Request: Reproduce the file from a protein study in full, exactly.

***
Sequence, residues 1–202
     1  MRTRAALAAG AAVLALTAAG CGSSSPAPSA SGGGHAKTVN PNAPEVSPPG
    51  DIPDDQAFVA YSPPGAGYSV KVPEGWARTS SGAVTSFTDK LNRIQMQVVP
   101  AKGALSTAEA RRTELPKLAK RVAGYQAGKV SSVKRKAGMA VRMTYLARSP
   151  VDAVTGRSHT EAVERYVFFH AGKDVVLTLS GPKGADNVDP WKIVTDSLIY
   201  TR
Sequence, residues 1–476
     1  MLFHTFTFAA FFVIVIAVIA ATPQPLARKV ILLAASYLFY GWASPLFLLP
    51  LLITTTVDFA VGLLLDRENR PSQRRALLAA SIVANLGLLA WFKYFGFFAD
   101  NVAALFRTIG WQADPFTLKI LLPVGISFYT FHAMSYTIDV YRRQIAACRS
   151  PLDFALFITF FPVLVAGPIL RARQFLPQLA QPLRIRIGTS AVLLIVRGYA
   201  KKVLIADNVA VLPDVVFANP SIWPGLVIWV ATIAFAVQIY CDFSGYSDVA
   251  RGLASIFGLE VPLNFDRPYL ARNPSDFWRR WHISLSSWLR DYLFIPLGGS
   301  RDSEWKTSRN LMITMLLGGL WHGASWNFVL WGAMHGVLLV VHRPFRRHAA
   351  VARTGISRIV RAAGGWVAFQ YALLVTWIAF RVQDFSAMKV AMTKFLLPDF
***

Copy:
Sequence, residues 1–202
     1  MRTRAALAAG AAVLALTAAG CGSSSPAPSA SGGGHAKTVN PNAPEVSPPG
    51  DIPDDQAFVA YSPPGAGYSV KVPEGWARTS SGAVTSFTDK LNRIQMQVVP
   101  AKGALSTAEA RRTELPKLAK RVAGYQAGKV SSVKRKAGMA VRMTYLARSP
   151  VDAVTGRSHT EAVERYVFFH AGKDVVLTLS GPKGADNVDP WKIVTDSLIY
   201  TR
Sequence, residues 1–476
     1  MLFHTFTFAA FFVIVIAVIA ATPQPLARKV ILLAASYLFY GWASPLFLLP
    51  LLITTTVDFA VGLLLDRENR PSQRRALLAA SIVANLGLLA WFKYFGFFAD
   101  NVAALFRTIG WQADPFTLKI LLPVGISFYT FHAMSYTIDV YRRQIAACRS
   151  PLDFALFITF FPVLVAGPIL RARQFLPQLA QPLRIRIGTS AVLLIVRGYA
   201  KKVLIADNVA VLPDVVFANP SIWPGLVIWV ATIAFAVQIY CDFSGYSDVA
   251  RGLASIFGLE VPLNFDRPYL ARNPSDFWRR WHISLSSWLR DYLFIPLGGS
   301  RDSEWKTSRN LMITMLLGGL WHGASWNFVL WGAMHGVLLV VHRPFRRHAA
   351  VARTGISRIV RAAGGWVAFQ YALLVTWIAF RVQDFSAMKV AMTKFLLPDF